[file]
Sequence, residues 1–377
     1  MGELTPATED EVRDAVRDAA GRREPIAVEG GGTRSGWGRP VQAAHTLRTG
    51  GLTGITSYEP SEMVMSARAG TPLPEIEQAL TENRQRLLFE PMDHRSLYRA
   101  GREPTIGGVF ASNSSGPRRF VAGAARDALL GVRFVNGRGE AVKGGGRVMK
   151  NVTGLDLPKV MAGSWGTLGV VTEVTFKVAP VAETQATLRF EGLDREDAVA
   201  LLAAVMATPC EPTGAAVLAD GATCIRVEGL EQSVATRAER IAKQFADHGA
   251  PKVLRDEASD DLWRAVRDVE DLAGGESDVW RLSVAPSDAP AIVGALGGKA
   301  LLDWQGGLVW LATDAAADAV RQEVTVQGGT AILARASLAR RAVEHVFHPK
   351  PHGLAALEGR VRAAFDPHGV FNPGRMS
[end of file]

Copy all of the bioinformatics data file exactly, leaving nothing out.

Sequence, residues 1–377
     1  MGELTPATED EVRDAVRDAA GRREPIAVEG GGTRSGWGRP VQAAHTLRTG
    51  GLTGITSYEP SEMVMSARAG TPLPEIEQAL TENRQRLLFE PMDHRSLYRA
   101  GREPTIGGVF ASNSSGPRRF VAGAARDALL GVRFVNGRGE AVKGGGRVMK
   151  NVTGLDLPKV MAGSWGTLGV VTEVTFKVAP VAETQATLRF EGLDREDAVA
   201  LLAAVMATPC EPTGAAVLAD GATCIRVEGL EQSVATRAER IAKQFADHGA
   251  PKVLRDEASD DLWRAVRDVE DLAGGESDVW RLSVAPSDAP AIVGALGGKA
   301  LLDWQGGLVW LATDAAADAV RQEVTVQGGT AILARASLAR RAVEHVFHPK
   351  PHGLAALEGR VRAAFDPHGV FNPGRMS